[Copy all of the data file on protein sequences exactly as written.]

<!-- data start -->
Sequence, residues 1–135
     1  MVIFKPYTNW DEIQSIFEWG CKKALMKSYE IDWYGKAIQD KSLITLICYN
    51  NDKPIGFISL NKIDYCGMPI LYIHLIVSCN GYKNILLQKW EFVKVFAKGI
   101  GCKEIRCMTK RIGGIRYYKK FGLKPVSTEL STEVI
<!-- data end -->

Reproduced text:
Sequence, residues 1–135
     1  MVIFKPYTNW DEIQSIFEWG CKKALMKSYE IDWYGKAIQD KSLITLICYN
    51  NDKPIGFISL NKIDYCGMPI LYIHLIVSCN GYKNILLQKW EFVKVFAKGI
   101  GCKEIRCMTK RIGGIRYYKK FGLKPVSTEL STEVI